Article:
I think the noble Lord, Lord John-Mackie, said that the stubble is left about two feet high. I have never known any stubble anywhere in England today which is left at that height with the exception, perhaps, of oilseed rape stubble, if it is called stubble. That is rather longer. There is no possible way of getting rid of oilseed rape stubble other than by burning it. You cannot chop it, you cannot plough it in, and if we are not going to he allowed to burn that stubble, how are we going to get rid of the residue or the stubble of oilseed rape? I think that this amendment should be accepted in principle.

Lord Moyne

I should like to underline the importance of burning. The Bill does permit burning in the case of oats. You cannot spray wild oats because you kill the oats. Therefore, it is absolutely essential when you cannot completely control something to be able on occasion to burn. The Bill does not prevent that. It seems to me a point that ought to be made.

Lord Northbourne

Unlike the noble Earl, Lord Caithness, I am a farmer and not ashamed of being one. I think that it is absolute arrant nonsense to say that there is not a difference between the burning of unbaled straw and the burning of stubble. Undoubtedly there is. Whereas the burning of unbaled straw is a hazard and has caused pollution, to which people can reasonably object—and all of us would like to see straw put to a better use, although there are considerable difficulties in doing so—in the case of stubble it is an important agricultural operation.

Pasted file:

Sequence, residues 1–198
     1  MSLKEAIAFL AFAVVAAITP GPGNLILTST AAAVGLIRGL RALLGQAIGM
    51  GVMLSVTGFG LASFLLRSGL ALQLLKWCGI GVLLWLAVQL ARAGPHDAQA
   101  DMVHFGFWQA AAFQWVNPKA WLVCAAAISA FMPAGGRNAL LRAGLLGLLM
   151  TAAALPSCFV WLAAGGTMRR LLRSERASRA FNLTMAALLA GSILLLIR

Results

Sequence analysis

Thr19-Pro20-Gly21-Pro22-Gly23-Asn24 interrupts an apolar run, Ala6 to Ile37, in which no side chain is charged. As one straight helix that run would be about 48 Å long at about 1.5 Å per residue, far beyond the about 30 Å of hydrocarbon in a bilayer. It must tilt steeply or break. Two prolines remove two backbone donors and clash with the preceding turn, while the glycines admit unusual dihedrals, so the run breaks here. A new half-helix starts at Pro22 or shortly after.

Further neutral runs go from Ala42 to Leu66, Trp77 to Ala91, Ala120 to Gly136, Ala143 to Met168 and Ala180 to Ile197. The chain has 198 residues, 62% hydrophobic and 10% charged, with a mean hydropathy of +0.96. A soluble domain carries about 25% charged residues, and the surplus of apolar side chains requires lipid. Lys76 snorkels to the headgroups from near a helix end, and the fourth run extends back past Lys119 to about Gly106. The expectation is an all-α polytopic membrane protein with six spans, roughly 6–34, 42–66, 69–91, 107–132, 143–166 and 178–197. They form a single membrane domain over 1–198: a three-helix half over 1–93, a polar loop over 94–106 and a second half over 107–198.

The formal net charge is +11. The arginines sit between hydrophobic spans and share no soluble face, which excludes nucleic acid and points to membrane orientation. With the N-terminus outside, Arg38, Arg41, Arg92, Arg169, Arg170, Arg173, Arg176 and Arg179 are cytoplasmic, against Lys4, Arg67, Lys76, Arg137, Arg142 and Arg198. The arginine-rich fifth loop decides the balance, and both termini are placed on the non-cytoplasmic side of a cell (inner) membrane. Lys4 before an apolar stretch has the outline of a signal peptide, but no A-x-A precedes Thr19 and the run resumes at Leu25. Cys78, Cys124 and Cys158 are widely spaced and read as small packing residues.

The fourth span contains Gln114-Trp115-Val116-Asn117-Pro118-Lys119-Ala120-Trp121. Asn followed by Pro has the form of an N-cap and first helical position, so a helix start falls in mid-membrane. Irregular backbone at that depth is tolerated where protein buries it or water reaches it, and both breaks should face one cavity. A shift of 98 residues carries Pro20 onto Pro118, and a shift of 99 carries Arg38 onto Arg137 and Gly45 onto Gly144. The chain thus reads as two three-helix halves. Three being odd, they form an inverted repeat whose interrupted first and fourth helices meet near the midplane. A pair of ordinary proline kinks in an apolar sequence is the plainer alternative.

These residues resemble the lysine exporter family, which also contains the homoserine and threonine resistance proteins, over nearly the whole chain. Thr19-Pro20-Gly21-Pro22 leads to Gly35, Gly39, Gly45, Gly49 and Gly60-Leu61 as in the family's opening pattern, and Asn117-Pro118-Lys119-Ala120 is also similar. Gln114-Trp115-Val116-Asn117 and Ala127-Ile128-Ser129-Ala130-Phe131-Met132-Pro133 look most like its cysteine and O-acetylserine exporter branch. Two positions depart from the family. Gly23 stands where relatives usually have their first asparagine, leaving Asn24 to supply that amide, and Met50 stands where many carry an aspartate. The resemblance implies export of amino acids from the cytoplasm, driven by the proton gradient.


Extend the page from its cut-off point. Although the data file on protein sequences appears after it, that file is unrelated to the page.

If we are to go on growing substantial areas of autumn crops and cereals, we really need this operation in farming in order to kill the carriers of diseases and pests. If we do not use this method of killing them we shall have to use more chemicals in the following year, which I personally do not think is in the public interest and certainly it is not in the economic interest of the country. I would suggest that stubble burning ought to be in operation and available to farmers without any unreasonable restriction.

The Minister of State, Ministry of Agriculture, Fisheries and Food (Lord Belstead)

I wonder if I might say a brief word on behalf of the Government on this, the first of the amendments on the Marshalled List. My noble friend Lord Caithness was good enough to refer to the new model by-laws which we have published today. I asked that copies should be sent to all noble Lords who spoke on Second Reading on my noble friend Lord Alport's Bill. I hope that those copies have fallen into the hands of your Lordships. The model by-laws are substantially toughened and broadened in scope and, we believe, will give local authorities every opportunity to crack down upon anyone who burns straw and stubble without paying due regard to the interests of the public and the environment. I have every hope that local authorities in straw burning areas will grasp the opportunity offered to them and will revise their by-laws in accordance with the model.

I agreed with many things that my noble friend Lord Caithness said in moving this amendment. He spoke of the need to try to proceed through co-operation and not coercion; he referred to the new by-laws as draconian, and certainly they are very strict. My noble friend expressed the hope that we give the by-laws a chance. This, regrettably, is what my noble friend Lord Alport is not prepared to do in bringing this Bill forward.

I do not agree, if I may say so, with the noble Lord, Lord Hooson, in his criticism of my noble friend. For instance, Lord Alport's Bill as drafted, as I understand it, would prevent completely the burning of straw used, for instance, for the protection of strawberries, which is a practice followed by many fruit producers after the strawberry harvest. I think that we would perhaps do well, in looking at this Bill, to consider that there may be some fault on their sides. In other words, I am saying that I do not think that the Bill, even according to my noble friend's own criteria—and, of course, it is a Bill with which the Government do not agree—is necessarily right.